Introduction to Foreshore and Underwater Archaeology – The Crannog Centre Loch Tay

Steve, John and I attended the introductory Course on Foreshore and Underwater Archaeology on Saturday. As divers, we have a great opportunity to see both wildlife, buildings, artifacts and ships frozen in time, rarely seen by others; as the cold waters and sediments of our sea, lochs and rivers preserve a rich archive of natural and human history. We were lucky to have as our tutors Dr Nick Dixon and Barrie Andrian from the Scottish Crannog Centre, two Archeologists with a wealth of experience of both Maritime and Fresh Water Sites.

The Crannog Centre Loch Tay
The Crannog Centre Loch Tay

The first part of the course, provided an introduction to Underwater Archeology, different types of Sites ( Interesting to see that underwater sites compared to dry land sites tend to be richer in recovery and preservation of artifacts) and then after a break for Tea, we looked at Several of the Dating Methods used which split into Relative and Absolute such as Radio Carbon 14 Dating and Dendrochronology ( Tree Rings) and then a brief talk about the Legal aspects of Visiting Wreck Sites and recovery of Artifacts.

After Lunch we broke into groups for a talk then practical demonstration of 2D survey methods then a dry run inside before venturing outside into the water to try out the methods in Loch Tay.

After not doing too badly in the warmth of the centre, we tried doing the practical in Loch Tay next to the Crannog, Nick suggested that for shallow diving of 1-2 metres he
Doesn’t use fins in the water to reduce the risk of kicking up silt and artefacts, so I thought I would give it a go, the key is to be slightly over weighted, then be head up at a 10-20 degree angle using your toes and hands to move slowly around the site.

Definitely enjoyed the experience, and as a one day introductory course it had a good mix of theory and practical.

First for Scotland – Anne the Angel Shark becomes mother 19 times over

A Critically Endangered angel shark at Deep Sea World, Scotland’s national aquarium, has given birth to a record 19 pups after a three-week labour.

It’s the first time the shark, which was officially declared extinct in the North Sea in 2006, has given birth successfully in captivity in the UK and zoologists believe it may also be a world first.

Anne gave birth to the first pup prematurely three weeks ago. Since then a team of divers and aquarists have been looking after the one-and-a-half metre long shark in a special isolation tank.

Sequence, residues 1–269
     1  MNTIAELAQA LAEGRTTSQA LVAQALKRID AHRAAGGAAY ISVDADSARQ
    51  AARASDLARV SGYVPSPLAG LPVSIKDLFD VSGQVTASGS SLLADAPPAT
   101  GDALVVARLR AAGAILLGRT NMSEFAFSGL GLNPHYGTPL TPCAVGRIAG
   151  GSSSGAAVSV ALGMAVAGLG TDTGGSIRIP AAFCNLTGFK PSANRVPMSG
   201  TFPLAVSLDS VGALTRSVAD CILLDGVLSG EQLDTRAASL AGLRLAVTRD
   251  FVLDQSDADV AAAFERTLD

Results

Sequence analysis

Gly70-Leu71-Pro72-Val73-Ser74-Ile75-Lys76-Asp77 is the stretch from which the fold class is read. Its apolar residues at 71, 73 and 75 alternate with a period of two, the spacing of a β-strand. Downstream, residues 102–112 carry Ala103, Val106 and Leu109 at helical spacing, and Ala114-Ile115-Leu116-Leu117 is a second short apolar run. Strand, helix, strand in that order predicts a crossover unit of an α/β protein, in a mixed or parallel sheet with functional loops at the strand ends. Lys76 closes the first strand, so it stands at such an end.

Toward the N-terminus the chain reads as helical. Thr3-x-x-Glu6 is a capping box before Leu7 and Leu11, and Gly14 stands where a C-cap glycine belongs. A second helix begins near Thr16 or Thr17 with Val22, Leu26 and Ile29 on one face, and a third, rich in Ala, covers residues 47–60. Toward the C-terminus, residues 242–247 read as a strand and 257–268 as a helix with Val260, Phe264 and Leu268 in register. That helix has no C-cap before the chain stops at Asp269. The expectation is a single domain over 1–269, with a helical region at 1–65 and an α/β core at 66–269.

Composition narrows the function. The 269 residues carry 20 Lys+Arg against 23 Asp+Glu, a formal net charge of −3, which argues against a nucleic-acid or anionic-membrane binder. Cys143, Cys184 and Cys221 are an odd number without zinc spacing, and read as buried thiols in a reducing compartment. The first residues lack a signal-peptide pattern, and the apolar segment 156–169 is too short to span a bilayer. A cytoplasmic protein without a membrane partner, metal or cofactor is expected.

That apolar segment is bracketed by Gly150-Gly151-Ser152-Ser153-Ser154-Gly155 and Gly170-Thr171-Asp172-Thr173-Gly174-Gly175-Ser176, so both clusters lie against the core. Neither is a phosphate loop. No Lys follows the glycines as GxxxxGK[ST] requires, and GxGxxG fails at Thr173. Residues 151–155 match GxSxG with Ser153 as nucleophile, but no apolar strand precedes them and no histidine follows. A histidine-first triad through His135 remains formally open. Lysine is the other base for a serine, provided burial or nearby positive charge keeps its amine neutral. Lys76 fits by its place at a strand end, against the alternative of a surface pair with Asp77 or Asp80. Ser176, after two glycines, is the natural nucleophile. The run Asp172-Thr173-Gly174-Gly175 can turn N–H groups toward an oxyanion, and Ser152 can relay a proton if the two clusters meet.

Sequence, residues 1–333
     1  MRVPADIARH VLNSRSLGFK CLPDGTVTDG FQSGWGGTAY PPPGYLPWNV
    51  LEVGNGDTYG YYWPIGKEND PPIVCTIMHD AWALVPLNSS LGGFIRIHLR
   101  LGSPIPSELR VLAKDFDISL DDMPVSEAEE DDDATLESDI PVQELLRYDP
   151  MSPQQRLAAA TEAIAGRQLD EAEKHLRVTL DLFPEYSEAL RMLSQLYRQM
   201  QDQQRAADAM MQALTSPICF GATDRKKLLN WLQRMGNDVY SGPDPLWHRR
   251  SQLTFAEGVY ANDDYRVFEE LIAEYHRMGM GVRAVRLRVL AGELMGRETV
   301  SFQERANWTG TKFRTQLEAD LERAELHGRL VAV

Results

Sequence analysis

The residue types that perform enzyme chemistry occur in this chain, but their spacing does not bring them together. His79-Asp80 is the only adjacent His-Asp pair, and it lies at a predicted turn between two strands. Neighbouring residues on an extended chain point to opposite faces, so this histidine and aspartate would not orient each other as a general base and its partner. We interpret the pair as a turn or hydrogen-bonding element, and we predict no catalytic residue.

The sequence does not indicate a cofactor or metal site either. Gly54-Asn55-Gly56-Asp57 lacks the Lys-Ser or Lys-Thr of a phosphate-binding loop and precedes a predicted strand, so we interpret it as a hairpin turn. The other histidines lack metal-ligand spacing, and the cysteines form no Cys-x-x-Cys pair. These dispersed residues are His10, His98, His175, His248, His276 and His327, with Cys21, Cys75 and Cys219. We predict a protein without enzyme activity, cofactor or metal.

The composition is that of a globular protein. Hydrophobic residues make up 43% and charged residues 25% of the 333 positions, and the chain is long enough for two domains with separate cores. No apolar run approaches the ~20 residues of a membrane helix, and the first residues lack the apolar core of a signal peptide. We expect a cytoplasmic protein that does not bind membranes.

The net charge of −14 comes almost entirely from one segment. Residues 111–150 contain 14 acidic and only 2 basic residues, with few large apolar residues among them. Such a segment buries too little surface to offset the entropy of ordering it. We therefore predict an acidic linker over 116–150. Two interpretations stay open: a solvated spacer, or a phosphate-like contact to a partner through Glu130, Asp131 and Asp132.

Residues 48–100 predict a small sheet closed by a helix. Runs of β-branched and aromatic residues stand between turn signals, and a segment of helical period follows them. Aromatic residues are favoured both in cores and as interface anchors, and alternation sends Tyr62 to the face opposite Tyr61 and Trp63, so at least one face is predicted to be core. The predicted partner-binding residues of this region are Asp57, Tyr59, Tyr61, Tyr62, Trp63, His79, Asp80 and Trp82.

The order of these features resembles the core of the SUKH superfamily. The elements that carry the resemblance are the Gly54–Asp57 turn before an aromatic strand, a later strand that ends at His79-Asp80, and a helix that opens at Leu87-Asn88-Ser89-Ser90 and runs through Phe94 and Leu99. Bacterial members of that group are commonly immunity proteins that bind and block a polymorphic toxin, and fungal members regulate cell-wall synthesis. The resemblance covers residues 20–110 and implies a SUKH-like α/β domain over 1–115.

She subsequently gave birth to four pups two weeks ago, with 11 arriving on Monday and the final three were born on Wednesday of this week.

Deep Sea World’s Zoological Manager, Chris Smith, said:“All the pups, including the one which was born prematurely, are doing extremely well.

“We have already got a number of them to take food from a stick which is a very positive sign. It’s been an amazing effort by Anne and we’re absolutely delighted that such a vulnerable species has bred successfully in captivity for the first time.

“For us to have had one pup would have been a cause for real celebration, to have 19 of them is nothing short of extraordinary.

“We’ll be sharing the information we have gained throughout the pregnancy and birth with other aquariums throughout Europe in the hope that we can replicate this success at other sites and help to protect the species from the threat of extinction,” he added.

Specialist vet Romain Pizzi joined divers and Deep Sea World’s zoological team to assist with the delivery of the pups. He managed to get the first ever live images of shark pups inside their mum by using a tiny camera on the end of an endoscope.

Five years ago the angel shark, which can grow to two meters in length, was officially listed Critically Endangered on the International Union for Conservation of Nature (IUCN) Red List of Threatened Species.

The sharks, which spend most of their timeliving on the seafloor, get their name from their pectoral fins which look like an angel’s wings.

They grow very slowly and mature only at a large size. The result is that very few angel sharks reach maturity and breed resulting in an ever declining population.

View link on the BBC News website here